This resource provides an overview of stasis theory and what you can do with it to help you conduct research, compose documents, and work in teams.
While the Senior Thesis is a two-semester project, the Senior Essay is a substantial one-semester research project undertaken in the context of an individual tutorial. It may be completed in either the fall or the spring semester of the senior year. Both should be considered serious academic undertakings and students should plan to begin research in the semester or summer which precedes it. While there is no prescribed minimum length, 30-40 pages is the typical range for an Essay and 70-80 pages for a Thesis. In order to write a thesis or essay, one must first secure the agreement of a departmental faculty member to serve as an advisor. In consultation with the advisor, the student should then outline the topic and compile a basic bibliography.
They did this because of their demand for raw materials, need for markets, and their attempt to implement commerce, create civilization, and to bring in Christianity to be the primary religion.
In most cases, the faculty advisor alone reads the Senior Essay and assigns a grade for the tutorial. Students should not enter upon a Senior Essay project with the expectation of being considered for honors. Departmental Honors are normally reserved for students who write a thesis, although in extraordinary circumstances the department may elect to consider a senior essay for honors. For the Thesis, the evaluating committee will consist of the advisor, one additional faculty member within the department, and one faculty member from within or outside the department. The advisor and the student will discuss and choose the other readers in the spring, with the advisor responsible for contacting readers in other departments (unless both advisor and student agree that the student shall make the contact). Promptness is recommended in speaking to possible readers in departments like English and History, which typically have many theses to read within their own departments.
Now the question did not state what other people think, it just stated” while others think that there are better methods of doing so”.
Is it OK for me to insert what I think that “other people” thought so that I can use and develop it in the body paragraph. Or should I just leave it and add all my points in my thesis Statement.
As you write, you may discover evidence that does not fit your temporary or "working" thesis. Or you may reach deeper insights about your topic as you do more research, and you will find that your thesis statement has to be more complicated to match the evidence that you want to use.
This is a weak thesis statement for two major reasons. First, "world hunger" can't be discussed thoroughly in five or ten pages. Second, "many causes and effects" is vague. You should be able to identify specific causes and effects. A revised thesis might look like this:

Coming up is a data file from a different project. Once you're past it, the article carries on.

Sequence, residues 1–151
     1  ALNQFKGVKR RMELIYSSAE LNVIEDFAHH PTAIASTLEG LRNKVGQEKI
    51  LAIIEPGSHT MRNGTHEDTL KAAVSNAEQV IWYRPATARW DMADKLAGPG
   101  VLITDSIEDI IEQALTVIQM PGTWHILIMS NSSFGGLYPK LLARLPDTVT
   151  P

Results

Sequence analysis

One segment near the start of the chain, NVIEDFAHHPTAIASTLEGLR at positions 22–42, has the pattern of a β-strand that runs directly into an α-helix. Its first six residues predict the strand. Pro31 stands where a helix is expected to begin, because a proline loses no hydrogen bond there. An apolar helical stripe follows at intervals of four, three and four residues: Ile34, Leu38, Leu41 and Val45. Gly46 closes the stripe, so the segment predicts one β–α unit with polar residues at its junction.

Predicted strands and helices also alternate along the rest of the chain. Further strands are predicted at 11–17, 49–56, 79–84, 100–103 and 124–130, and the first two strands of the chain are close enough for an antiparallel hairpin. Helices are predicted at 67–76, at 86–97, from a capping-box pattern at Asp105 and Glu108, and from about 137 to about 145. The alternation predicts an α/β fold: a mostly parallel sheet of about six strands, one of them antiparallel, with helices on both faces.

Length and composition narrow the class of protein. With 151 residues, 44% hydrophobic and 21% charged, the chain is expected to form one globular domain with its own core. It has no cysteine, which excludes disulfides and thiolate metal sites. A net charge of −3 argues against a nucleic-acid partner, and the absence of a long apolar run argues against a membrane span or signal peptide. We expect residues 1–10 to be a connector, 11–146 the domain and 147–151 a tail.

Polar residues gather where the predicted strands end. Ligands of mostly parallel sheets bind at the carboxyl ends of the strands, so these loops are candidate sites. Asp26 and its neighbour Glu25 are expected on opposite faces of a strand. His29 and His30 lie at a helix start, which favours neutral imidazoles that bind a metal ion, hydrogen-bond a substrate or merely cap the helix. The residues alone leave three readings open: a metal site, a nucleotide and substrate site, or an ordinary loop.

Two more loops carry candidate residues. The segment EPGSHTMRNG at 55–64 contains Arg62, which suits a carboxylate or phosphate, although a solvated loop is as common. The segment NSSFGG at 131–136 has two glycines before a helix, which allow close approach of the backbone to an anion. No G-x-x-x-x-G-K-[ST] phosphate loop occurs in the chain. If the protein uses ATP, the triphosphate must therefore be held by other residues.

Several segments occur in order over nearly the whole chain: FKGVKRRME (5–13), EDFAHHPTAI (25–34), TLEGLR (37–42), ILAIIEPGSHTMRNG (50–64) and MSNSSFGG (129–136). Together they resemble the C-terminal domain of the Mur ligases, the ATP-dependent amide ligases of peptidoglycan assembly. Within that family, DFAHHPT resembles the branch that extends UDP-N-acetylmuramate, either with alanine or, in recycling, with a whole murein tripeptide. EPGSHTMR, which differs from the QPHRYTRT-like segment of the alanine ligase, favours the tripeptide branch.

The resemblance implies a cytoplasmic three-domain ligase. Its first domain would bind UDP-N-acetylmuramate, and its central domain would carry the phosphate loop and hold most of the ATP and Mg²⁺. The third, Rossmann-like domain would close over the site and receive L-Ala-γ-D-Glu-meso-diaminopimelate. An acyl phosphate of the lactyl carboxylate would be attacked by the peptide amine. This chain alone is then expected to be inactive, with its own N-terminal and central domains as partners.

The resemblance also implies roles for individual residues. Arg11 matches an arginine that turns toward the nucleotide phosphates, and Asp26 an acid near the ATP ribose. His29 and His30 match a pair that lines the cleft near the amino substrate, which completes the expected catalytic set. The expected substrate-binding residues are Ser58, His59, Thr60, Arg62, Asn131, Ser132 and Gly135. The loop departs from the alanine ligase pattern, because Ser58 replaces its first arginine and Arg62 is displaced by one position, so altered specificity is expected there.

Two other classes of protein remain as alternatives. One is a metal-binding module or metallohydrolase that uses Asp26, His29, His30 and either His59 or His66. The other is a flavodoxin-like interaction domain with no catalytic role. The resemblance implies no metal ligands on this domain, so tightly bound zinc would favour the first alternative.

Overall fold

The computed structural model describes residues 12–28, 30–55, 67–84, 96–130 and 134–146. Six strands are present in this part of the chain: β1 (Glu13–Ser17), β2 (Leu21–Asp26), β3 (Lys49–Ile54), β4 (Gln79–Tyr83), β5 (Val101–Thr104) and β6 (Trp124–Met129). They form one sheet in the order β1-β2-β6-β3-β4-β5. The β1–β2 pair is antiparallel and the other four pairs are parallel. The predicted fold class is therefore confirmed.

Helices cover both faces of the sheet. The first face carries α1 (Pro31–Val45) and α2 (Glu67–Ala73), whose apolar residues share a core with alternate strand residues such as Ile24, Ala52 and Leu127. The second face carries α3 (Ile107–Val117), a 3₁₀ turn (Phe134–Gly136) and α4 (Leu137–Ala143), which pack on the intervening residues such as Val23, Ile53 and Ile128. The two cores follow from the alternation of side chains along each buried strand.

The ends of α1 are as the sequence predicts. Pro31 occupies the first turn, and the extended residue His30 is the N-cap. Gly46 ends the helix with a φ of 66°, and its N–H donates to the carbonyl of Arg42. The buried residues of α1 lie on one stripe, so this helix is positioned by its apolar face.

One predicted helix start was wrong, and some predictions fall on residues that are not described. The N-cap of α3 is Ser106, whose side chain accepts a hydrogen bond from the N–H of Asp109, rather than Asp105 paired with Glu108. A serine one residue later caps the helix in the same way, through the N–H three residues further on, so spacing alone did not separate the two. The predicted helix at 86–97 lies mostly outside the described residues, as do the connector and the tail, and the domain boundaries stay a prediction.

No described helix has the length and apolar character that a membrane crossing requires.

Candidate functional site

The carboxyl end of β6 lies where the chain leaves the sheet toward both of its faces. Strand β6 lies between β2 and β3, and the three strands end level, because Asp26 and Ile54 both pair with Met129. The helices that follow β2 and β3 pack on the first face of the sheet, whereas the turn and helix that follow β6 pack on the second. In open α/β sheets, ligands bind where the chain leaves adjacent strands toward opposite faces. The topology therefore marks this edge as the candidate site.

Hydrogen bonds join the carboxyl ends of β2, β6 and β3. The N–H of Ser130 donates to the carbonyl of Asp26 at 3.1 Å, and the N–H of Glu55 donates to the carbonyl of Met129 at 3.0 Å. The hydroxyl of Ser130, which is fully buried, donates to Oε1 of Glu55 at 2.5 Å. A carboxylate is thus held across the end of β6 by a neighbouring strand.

A thesis statement should show exactly what your paper will be about, and will help you keep your paper to a manageable topic. For example, if you write a paper on hunger, you might say:
Remember to follow the specific order of explanation in the body of your essay as mentioned in your thesis statement.
► Recycling helps in saving natural resources, conserving energy, and decreasing pollution.
There are no sentences which you can learn for a high score. Any sentences you learn to put in your essay will lower your score. You should start by paraphrasing the statement given – that’s all. Then add your thesis statement and your introduction is complete. See this page:
This is a strong thesis because it narrows the subject to a more specific and manageable topic and it also identifies the specific causes for the existence of hunger.
Beginning statements obtained through the methods illustrated above can serve as a framework for planning or drafting your paper, but remember they're not yet the specific, argumentative thesis you want for the final version of your paper. In fact, in its first stages, a thesis statement usually is ill-formed or rough and serves only as a planning tool.
For instance, if you are writing about capital punishment, your thesis statement should not be something like the following.
► Capital punishment is not the appropriate way of punishing a person for a crime he has committed.
This is an example of a weak thesis statement because it is too generic as well as vague.
This is a weak thesis statement because the reader can't decide whether the paper is about marketing on the Internet or web pages. To revise the thesis, the relationship between the two ideas needs to become clearer. One way to revise the thesis would be to write:
Sometimes you will not be able to identify these elements in your early drafts, but as you consider how your argument is developing and how your evidence supports your main idea, ask yourself, "What is the main point that I want to prove/discuss?" and "How will I convince the reader that this is true?" When you can answer these questions, then you can begin to refine the thesis statement.